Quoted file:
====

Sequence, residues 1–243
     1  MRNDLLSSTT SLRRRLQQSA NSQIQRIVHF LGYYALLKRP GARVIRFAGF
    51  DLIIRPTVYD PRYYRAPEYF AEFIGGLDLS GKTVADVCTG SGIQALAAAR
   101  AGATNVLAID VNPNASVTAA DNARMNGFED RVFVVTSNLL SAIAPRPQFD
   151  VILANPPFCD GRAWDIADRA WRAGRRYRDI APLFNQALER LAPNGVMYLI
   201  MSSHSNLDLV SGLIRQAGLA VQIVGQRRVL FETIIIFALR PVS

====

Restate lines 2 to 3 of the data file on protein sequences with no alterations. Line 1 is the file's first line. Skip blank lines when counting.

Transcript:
     1  MRNDLLSSTT SLRRRLQQSA NSQIQRIVHF LGYYALLKRP GARVIRFAGF
    51  DLIIRPTVYD PRYYRAPEYF AEFIGGLDLS GKTVADVCTG SGIQALAAAR